SAA conference to focus on survival in the auto industry

November 16, 2004

The Society of Automotive Analysts (SAA), will present its 17th annual Automotive Outlook Conference, January 11, 2005, in Detroit, Mich., in conjunction with the North American International Auto Show (NAIAS). The conference theme is "Survival in the Auto Industry: What's It Going to Take?"

SAA President Craig Cather (CSM Worldwide) noted that "powerful market forces are squeezing the domestic auto industry: high costs and shortages of raw materials; huge legacy costs for healthcare and pensions; continuing loss of market share; OEMs' demands for lower prices from suppliers and expectations that they participate in warranty and product development costs; falling prices for used vehicles; competition from foreign automakers; and low-cost offshore suppliers—all while consumers expect greater quality, comfort, and safety, and Wall Street demands better stock performance from both OEMs and suppliers.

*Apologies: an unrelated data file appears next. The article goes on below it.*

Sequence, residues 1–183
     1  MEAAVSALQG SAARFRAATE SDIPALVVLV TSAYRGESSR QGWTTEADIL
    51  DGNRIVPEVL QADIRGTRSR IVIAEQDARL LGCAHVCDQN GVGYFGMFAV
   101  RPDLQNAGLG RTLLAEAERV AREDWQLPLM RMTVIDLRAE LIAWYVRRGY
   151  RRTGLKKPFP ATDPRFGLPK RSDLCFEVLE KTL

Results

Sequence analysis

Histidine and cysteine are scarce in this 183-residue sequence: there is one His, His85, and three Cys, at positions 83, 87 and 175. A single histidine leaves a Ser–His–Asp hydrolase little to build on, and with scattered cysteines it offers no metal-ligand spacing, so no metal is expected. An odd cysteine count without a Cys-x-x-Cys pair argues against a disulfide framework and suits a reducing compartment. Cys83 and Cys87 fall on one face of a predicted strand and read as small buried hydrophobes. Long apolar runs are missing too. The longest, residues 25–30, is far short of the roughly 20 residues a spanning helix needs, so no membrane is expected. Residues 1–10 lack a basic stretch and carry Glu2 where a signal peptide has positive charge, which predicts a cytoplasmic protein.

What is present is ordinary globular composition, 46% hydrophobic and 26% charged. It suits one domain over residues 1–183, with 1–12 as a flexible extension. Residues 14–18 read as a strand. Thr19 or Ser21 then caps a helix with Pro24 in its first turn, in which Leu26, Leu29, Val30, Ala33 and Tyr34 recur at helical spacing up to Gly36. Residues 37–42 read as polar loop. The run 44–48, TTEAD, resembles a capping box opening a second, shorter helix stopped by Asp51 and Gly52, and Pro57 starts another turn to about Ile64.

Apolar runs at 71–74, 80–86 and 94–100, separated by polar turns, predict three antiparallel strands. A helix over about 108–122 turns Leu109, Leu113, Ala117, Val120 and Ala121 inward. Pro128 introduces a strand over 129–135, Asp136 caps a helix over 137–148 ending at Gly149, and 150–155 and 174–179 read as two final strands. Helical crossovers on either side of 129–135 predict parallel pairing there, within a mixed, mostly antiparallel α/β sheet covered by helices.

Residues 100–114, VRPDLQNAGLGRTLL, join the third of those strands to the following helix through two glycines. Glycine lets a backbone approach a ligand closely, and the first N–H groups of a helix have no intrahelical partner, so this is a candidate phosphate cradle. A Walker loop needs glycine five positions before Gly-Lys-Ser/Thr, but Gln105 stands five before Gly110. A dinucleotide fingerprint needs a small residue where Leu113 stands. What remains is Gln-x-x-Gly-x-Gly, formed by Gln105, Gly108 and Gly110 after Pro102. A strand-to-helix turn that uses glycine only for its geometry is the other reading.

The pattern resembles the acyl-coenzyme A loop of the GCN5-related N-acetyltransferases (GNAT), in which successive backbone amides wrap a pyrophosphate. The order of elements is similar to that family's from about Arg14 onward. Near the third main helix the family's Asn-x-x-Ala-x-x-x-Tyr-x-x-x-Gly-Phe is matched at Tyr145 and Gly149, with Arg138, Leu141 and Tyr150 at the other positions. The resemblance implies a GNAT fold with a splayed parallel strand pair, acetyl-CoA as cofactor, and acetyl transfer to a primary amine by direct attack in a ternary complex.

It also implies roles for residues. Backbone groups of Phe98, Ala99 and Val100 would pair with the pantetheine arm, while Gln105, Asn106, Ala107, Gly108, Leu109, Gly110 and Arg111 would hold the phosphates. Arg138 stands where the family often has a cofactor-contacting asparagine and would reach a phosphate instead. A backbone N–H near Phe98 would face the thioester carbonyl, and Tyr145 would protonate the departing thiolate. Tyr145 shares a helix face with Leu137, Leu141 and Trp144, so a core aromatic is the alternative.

"A recent study noted that 20,000 of the 30,000 suppliers in business in 1990 had disappeared by 2000, another 2,000 have since gone by the wayside, and still another 4,000 suppliers will evaporate by 2010.

"And what about the domestic vehicle manufacturers? More new models from both domestic and offshore automakers are flooding the market, with offshore manufacturers moving aggressively into traditional domestic market strongholds and taking market share, Cather said."

Confirmed conference presenters include:

  • Kathleen Ligocki, president and CEO of Tower Automotive; former vice president at Ford Customer Service Division; Ford vice president of Strategy and Business Development, Canada and Mexico; and president and CEO of Ford Mexico.
  • Michael Bruynesteyn, senior vice president and senior autos and auto parts analyst at Prudential Equity Group, LLC; former head of General Motors' Investor Relations Worldwide.
  • John Henke, Jr. Ph.D., president of Planning Perspectives Inc., and professor of marketing in the School of Business Administration at Oakland University, Rochester, Mich.
  • Chief economists from the U.S. Big 3: Ellen Hughes-Cromwick, Ford Motor Co.; Mustafa Mohatarem, General Motors; and Van Jollisaint, DaimlerChrysler.


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